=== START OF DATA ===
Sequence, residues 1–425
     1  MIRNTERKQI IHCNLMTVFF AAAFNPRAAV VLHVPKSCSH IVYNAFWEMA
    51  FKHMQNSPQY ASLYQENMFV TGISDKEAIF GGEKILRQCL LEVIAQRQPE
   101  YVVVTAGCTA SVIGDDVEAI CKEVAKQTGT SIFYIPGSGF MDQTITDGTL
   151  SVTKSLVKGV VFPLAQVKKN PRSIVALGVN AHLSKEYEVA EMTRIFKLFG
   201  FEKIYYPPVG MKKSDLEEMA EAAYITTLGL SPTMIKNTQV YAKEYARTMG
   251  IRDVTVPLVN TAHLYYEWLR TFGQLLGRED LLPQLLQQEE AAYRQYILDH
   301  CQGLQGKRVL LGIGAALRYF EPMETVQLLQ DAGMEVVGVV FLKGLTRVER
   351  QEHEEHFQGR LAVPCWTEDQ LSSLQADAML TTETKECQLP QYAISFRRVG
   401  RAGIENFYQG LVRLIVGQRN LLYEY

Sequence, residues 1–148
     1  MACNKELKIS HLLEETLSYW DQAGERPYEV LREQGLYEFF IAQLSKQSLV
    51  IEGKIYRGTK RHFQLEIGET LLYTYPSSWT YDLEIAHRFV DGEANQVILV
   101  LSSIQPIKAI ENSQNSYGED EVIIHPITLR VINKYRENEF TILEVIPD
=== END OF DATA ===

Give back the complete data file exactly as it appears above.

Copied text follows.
Sequence, residues 1–425
     1  MIRNTERKQI IHCNLMTVFF AAAFNPRAAV VLHVPKSCSH IVYNAFWEMA
    51  FKHMQNSPQY ASLYQENMFV TGISDKEAIF GGEKILRQCL LEVIAQRQPE
   101  YVVVTAGCTA SVIGDDVEAI CKEVAKQTGT SIFYIPGSGF MDQTITDGTL
   151  SVTKSLVKGV VFPLAQVKKN PRSIVALGVN AHLSKEYEVA EMTRIFKLFG
   201  FEKIYYPPVG MKKSDLEEMA EAAYITTLGL SPTMIKNTQV YAKEYARTMG
   251  IRDVTVPLVN TAHLYYEWLR TFGQLLGRED LLPQLLQQEE AAYRQYILDH
   301  CQGLQGKRVL LGIGAALRYF EPMETVQLLQ DAGMEVVGVV FLKGLTRVER
   351  QEHEEHFQGR LAVPCWTEDQ LSSLQADAML TTETKECQLP QYAISFRRVG
   401  RAGIENFYQG LVRLIVGQRN LLYEY

Sequence, residues 1–148
     1  MACNKELKIS HLLEETLSYW DQAGERPYEV LREQGLYEFF IAQLSKQSLV
    51  IEGKIYRGTK RHFQLEIGET LLYTYPSSWT YDLEIAHRFV DGEANQVILV
   101  LSSIQPIKAI ENSQNSYGED EVIIHPITLR VINKYRENEF TILEVIPD